In the similar context before implementing any new management fad / restructuring or ‘best practices’ successful in other companies, it is essential to note views of Mr. Paul Kearns. He says, “Like many paradoxes in life, it might be hard to understand why organizations go for quick fixes and simplistic solutions when what they obviously need is a long-term strategy.” He further says, “Well-worn analogies may turn into clichés, but the difference between the indiscriminate use of ad-hoc HR initiatives and a clearly focused HR strategy is very much like that between the sower who throws seed into the wind and the one who uses a seed drill. Both will achieve some germination, but the latter is bound to achieve a greater yield.”

Key issues involved in Workforce Planning:

Environment Scanning: Business cycles have a direct impact on the workforce of any organization and appropriate prediction of the conditions may assist in effective handling of the situation by taking proactive steps rather than reactive actions. Similarly technological changes that significantly impact any business process result in affecting numbers and specific skills of the workforce. Predicting them may not be possible however we can update ourselves about developments in the field and be prepared for dealing with them proactively.

Restructuring: This issue is being discussed in the beginning. A thorough and careful planning is needed for the success of such initiative by calculating the ramifications on different skills and number of employees. We cannot assume that we may reduce the number of people and carry on the same work with fewer workers without any significant changes in the process. It certainly is not possible and may result in rehiring the laid-off employees. “Downsizing belatedly attempts to correct the mistakes of the past; it is not about creating the markets of the future.” - Hamel & Prahalad [Tweet this]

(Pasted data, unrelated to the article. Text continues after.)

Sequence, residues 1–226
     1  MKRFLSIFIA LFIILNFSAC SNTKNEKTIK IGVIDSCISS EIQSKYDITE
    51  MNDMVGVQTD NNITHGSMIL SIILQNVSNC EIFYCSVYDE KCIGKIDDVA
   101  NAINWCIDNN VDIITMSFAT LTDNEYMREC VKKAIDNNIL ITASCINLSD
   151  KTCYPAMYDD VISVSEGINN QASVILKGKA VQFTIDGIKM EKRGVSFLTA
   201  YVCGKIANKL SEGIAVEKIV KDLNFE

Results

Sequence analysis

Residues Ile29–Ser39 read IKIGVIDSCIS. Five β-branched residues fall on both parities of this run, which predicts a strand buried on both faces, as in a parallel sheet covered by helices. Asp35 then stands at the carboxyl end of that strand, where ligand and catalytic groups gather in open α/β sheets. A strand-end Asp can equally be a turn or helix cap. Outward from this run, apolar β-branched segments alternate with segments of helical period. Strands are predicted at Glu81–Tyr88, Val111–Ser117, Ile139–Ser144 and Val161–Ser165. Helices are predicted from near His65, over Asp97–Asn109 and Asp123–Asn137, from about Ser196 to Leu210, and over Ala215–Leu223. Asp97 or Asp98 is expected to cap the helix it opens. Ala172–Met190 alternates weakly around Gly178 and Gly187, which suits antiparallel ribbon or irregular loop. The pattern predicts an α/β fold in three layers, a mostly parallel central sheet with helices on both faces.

Quantifying skills: It’s not an easy task to quantify skills, know-how & characteristics, of employees. The process of the job analysis should result in clearly reflecting real skills, know-how and characteristics in each job or job families. Then it would be possible for us to quantify and track them. However, even then it is not possible to accurately quantify them properly in the workforce plan.   

Staffing projections: No matter which tool we are using for forecasting, it’s next to impossible to predict which employees are going to quit & when. And the situation becomes more precarious when they are hi-performers and hi-potentials who are crucial for strategic success. According to the book “The Alliance” (by Reid Hoffman & Ben C.) the average turnover at work is less than four years so ‘lifetime employment’ strategies are out of date. This emerging trend poses a substantial challenge for HR professionals.
Support from Top Management: As for any other HR initiative, support from top management is vital for the success of the workforce plan. It is crucial, how seriously the top management views this initiative and backs it up throughout the process to succeed.

Buy-in & ownership: As discussed earlier, support from all other participants of the process mainly from Line Managers, Functional Leaders is critical in the success of the workforce plan. HR has an important responsibility to secure buy-in from all the participants and share the ownership of this process so as to enable it to succeed. As Josh Bersin says [Report: Predictions for 2015] “Remember that the issues of employee performance, retention, and engagement are not HR problems—they are management problems.” He further says, “Hold leaders accountable for more than just performance—they are responsible for employee engagement, employee development, and developing their own successors.”

This list can go on since there are many activities covered under the heading of Workforce Planning, and may not be able to include them all here. You may add them in the comments, along with your valuable views.   

In conclusion, it’s our ability to predict the future accurately that will help us to deal with the problem of workforce planning. As said by Andrews Grove, Intel, “But data are about the past, and strategic inflection points are about the future.” [Tweet this] No matter which tools and techniques we may use it’s the flexibility of the workforce plan & its appropriate alignment with the organizational strategy that will help us to survive and thrive. Because “All our knowledge is about the past, but all our decisions are about the future.” – Ian Wilson [Tweet this]